LONDON, England -- Three thoughts from England's 2-0 loss against Chile at Wembley.
It was supposed to be a night to celebrate a player who has had something of a roller-coaster England career. Instead it was a night when England's delusions of grandeur from a month ago were cruelly exposed.
After being the back-to-back winner of the England fans' Player of the Year award in 2004 and 2005, Frank Lampard has been considered part of the problem and not once since has made the top three. This is a player who was welcomed onto the pitch by the stadium announcer as an England legend, a moniker which would not be met with unanimous approval.
Winning his 103rd cap against Chile, Lampard had his family on the pitch as Sir Geoff Hurst bestowed a ceremonial golden cap to mark his century, only the eighth England player to reach the milestone.
The reason Lampard, at age 35, has remained such an integral part of the England squad when he is so maligned by many, is not a positive. That can be answered with the name of the player who replaced him when injured before Euro 2012: Jordan Henderson. That's not a direct slight on Henderson, more about the general talent pool that allowed waning stars like Lampard to remain safe, despite indisputable evidence of failure.
Five goals in seven World Cup qualifiers should indicate Lampard still has something to offer, but he will turn 36 a week into next summer's tournament. And England will face far sterner tests than they did in qualifying.
Roy Hodgson may have to decide between energy and experience. In Steven Gerrard he is already going to have one 30-something central midfielder. Does he need a second? Coincidentally, it was Henderson who again replaced Lampard at Wembley. But this England squad is changing, a band of international bright young things biting at Lampard's ankles.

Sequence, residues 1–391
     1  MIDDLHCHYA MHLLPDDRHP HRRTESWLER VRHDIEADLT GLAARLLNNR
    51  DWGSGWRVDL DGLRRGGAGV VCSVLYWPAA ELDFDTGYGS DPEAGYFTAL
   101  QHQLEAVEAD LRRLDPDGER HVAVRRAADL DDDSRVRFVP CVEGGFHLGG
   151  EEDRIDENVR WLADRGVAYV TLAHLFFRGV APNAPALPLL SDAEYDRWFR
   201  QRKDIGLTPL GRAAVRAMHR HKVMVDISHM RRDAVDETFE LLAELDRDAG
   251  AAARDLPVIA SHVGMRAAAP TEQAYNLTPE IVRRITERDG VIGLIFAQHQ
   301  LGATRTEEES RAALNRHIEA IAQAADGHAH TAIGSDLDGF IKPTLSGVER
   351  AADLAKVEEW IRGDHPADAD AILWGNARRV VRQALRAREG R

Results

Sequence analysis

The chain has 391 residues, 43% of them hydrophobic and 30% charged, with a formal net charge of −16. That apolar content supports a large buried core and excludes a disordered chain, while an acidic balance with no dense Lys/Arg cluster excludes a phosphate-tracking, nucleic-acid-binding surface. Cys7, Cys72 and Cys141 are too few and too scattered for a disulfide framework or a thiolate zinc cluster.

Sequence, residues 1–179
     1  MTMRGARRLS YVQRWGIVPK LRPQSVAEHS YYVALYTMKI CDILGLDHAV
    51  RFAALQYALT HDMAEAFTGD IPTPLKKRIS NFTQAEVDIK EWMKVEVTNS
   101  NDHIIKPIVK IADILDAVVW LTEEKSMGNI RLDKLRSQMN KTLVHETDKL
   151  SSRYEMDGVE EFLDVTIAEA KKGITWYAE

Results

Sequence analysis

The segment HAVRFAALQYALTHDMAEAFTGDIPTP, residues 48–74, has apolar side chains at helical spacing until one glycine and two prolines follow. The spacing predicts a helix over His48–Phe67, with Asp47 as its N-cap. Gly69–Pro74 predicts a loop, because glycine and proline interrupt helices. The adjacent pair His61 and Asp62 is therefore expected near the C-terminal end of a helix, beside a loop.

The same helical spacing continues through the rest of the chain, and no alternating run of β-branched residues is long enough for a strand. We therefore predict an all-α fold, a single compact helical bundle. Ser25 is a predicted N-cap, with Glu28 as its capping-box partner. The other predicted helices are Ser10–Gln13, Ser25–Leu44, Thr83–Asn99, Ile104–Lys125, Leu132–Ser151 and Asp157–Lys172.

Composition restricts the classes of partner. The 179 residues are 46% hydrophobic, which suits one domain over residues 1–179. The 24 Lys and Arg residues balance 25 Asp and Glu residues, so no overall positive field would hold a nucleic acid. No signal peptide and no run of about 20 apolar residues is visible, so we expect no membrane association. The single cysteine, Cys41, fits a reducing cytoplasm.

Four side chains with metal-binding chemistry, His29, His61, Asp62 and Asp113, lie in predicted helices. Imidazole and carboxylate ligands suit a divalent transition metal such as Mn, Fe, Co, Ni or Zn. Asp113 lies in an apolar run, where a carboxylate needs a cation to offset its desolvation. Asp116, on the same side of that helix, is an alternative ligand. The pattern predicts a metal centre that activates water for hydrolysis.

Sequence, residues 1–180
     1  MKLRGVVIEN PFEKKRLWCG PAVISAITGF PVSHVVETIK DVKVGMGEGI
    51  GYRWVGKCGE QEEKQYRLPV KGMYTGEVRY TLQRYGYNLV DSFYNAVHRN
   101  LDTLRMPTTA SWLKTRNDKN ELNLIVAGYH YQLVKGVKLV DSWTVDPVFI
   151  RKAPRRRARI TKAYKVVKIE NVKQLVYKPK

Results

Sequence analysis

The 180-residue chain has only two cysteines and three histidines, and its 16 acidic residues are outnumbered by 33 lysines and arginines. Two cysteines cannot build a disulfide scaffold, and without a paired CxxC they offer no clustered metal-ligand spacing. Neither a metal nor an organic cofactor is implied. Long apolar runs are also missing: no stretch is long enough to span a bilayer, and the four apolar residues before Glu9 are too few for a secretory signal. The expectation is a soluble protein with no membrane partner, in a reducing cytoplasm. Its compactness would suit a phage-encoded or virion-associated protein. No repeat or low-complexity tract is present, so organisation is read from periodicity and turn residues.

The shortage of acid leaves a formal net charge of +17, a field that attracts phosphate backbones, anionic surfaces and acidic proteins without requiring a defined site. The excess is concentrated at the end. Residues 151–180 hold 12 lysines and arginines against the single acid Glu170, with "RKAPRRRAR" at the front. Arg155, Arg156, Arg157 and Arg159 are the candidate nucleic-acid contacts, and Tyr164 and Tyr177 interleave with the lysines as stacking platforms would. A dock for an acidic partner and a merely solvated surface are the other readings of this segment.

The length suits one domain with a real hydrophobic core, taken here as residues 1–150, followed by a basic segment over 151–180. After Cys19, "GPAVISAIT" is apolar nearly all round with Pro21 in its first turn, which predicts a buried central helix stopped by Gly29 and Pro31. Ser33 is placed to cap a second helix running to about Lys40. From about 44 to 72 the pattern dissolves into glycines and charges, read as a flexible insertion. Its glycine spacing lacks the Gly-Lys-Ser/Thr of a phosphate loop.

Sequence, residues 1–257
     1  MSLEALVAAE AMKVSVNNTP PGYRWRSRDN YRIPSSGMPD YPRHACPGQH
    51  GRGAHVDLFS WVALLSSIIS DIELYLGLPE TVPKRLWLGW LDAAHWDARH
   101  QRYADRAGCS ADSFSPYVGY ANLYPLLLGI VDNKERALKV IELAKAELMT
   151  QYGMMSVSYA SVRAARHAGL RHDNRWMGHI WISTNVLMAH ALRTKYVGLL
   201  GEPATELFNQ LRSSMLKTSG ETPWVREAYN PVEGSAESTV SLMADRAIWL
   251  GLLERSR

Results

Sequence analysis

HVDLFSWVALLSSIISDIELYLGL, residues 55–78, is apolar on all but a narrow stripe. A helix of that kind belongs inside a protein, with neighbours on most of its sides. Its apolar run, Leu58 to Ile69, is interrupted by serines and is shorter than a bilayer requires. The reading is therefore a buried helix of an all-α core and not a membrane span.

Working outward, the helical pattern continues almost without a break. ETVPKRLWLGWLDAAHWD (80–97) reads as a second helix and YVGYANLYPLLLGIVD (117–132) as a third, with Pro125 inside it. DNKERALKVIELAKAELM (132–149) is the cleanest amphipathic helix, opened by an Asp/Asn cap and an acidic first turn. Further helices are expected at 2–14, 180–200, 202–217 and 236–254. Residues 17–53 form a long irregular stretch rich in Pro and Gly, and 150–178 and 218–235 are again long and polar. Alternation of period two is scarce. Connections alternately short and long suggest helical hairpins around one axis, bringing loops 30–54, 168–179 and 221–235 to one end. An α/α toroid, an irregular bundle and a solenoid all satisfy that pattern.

Jack Wilshere is now "fit," Tom Cleverley is making steady if slow progress, Ross Barkley is in his breakthrough season and Adam Lallana, though 25, was given his chance against the South Americans. James Ward-Prowse and Ravel Morrison are impressing for the under-21s too.
Lallana almost created a goal just three minutes into his debut as his superb free kick was met by the head of Phil Jones -- but Claudio Bravo made an acrobatic save. He should have scored just before the interval, only for his shot to be deflected just wide. There were signs that he could have something to offer, as long as his way into the squad is not blocked off.
Lampard was left to patrol the defensive area of the midfield against Chile, allowing Wilshere to carry the ball forward. The Arsenal midfielder at times looked like the player who first broke onto the scene, bursting into the final third and threatening the opposition. But he is still giving the ball away too cheaply in top-level internationals.
Andros Townsend was introduced to rapturous applause but could not push England to an equaliser before they were hit by the sucker punch.
It's not that Lampard was poor in his 70 minutes, but neither did he particularly show anything to make you think he simply must be on the plane. Perhaps it's best he gave his two daughters the opportunity to see what Daddy does.
With almost four months until the next friendly, against Denmark, much could change for England's captain for a day -- it is far from certain he will bring the curtain down on his international career in Brazil.
Chile the true showmen